The other night Jim picked me up from work. On the way home I received a text from my sister, Lorri, saying she was taking my daughter and her’s to my sister Kelly’s house for a sleepover. Kelly lives in the country about 45 minutes from our house. I told Jim about the sleepover and that we could have a nice, quiet evening to ourselves. I expected his response would be something like, “Great” or “That’s nice“. Instead, I got “Why?“.
“Why what?” I countered.
“Why are they sleeping over? It’s only a 45 minute drive home.”
I looked at him puzzled. What did the distance have to do with it? What about this was confusing to him? I thought I had been perfectly clear in my explanation. Then it occurred to me, men don’t do sleepovers. A man will occasionally ‘crash’ at another guys house if he drinks too much but it’s a spontaneous event. It’s not something they plan.
“Hey Garth, how about you come over Friday night and watch the game. We can have some beers, I’ll make popcorn, then we can stay up late, watch the Dirty Dozen and you can sleepover.”
“Sounds great Chuck, I’ll bring the nacho dip.”
No wonder Jim was a little confused about the concept of sleepovers for grown-ups. In his mind it was something 12 year-old girls do at birthday parties. Apparently even Wikipedia thinks that: Slumber Party. A sleepover, also known as a pajama party or a slumber party, is a party most commonly held by children or teenagers, where a guest or guests are invited to stay overnight at the home of a friend, sometimes to celebrate birthdays or other special events. The sleepover is often called a “rite of passage” as a young child, or a teenager, begins to assert independence and to develop social connections outside the immediate family.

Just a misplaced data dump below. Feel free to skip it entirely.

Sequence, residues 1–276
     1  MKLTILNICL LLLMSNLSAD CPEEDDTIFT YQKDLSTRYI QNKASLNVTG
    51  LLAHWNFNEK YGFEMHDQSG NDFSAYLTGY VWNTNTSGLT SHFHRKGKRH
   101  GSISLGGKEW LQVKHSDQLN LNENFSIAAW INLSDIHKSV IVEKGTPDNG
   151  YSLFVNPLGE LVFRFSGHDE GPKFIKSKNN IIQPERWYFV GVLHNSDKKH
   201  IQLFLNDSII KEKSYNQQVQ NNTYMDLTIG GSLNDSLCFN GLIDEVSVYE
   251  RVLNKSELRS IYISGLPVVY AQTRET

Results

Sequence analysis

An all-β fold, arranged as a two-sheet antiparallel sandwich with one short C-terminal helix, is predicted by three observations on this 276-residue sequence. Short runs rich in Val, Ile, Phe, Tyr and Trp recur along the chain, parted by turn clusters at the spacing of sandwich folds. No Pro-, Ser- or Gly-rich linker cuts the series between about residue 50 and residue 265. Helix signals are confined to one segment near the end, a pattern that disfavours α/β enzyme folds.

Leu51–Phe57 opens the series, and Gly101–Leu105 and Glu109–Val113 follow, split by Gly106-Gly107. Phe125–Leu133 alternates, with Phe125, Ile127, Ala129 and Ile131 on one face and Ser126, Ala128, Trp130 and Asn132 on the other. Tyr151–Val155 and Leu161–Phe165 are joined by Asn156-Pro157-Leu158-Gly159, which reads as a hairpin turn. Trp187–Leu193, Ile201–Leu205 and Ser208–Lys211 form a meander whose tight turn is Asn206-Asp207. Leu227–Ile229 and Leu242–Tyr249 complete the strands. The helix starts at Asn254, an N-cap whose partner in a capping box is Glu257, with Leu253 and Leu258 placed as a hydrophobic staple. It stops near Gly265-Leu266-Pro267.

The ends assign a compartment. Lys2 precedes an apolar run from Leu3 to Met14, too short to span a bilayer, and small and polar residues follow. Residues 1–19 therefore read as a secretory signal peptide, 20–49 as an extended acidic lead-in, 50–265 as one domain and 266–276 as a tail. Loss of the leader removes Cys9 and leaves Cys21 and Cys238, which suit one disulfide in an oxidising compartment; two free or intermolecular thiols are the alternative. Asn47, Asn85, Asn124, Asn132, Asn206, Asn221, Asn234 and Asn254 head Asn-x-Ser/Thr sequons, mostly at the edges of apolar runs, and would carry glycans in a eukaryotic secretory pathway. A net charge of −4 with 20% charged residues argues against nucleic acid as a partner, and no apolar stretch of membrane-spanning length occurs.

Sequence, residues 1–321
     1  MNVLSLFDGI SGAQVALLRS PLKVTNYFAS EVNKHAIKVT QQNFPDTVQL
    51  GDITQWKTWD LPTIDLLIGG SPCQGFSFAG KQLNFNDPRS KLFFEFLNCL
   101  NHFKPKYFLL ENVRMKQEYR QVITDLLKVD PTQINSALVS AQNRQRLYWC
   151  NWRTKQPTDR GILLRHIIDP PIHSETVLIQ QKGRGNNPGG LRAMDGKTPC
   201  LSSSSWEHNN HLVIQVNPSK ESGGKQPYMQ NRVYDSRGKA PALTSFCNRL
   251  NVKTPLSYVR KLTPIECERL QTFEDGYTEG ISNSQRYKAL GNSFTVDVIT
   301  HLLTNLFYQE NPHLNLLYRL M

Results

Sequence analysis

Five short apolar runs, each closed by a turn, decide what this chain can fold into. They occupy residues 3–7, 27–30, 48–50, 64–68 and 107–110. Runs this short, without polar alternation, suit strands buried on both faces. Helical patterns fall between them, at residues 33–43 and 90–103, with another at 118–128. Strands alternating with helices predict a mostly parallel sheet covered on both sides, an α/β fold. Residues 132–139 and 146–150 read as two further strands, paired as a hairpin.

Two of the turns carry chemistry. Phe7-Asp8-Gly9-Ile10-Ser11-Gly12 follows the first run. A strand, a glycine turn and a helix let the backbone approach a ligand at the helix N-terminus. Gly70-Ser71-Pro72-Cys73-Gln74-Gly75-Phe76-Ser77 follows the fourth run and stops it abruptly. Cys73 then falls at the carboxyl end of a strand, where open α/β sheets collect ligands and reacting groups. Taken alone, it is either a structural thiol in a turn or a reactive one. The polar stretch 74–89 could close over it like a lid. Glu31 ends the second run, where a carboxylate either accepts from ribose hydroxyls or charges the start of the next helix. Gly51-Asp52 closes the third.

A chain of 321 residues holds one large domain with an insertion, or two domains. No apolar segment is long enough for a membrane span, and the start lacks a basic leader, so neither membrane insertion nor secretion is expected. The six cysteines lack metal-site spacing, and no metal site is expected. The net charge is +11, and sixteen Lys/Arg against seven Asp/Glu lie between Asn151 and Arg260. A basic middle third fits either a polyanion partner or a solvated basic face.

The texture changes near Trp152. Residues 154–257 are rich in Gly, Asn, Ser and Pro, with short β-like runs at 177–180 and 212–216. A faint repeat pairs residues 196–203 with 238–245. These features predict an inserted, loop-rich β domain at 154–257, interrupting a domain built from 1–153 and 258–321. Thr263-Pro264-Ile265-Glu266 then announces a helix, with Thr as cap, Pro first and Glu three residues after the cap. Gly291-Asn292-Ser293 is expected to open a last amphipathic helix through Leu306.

They only got it half right. Sleepover’s have no age limits. They are not just for kids or 20-somethings who have just been dumped. I have a writing partner, Diane. Once or twice a month we get together to read each other’s work, edit and discuss the creative and business sides of our craft. It’s not easy to find time as we both have families and full-time jobs. So we decided to give ourselves a little writing retreat. We booked a hotel for one night in a picturesque little town. We will have 24 hours of uninterrupted work time. Since this is a business meeting I can claim the costs on my taxes as a business expense. But who are we kidding, (other than Revenue Canada), this is a sleepover. There will be wine, pizza and later in the evening a chick flick. We will complain about the men in our life, our children, gossip about people we know and celebrities we don’t. All the ingredients are there for an epic sleepover party. So you can call it a writer’s retreat, a hunting weekend with the guys, a motorcycle trip across Canada with your buddies, but no matter how you phrase it, it’s really just a sleepover and we never outgrow those.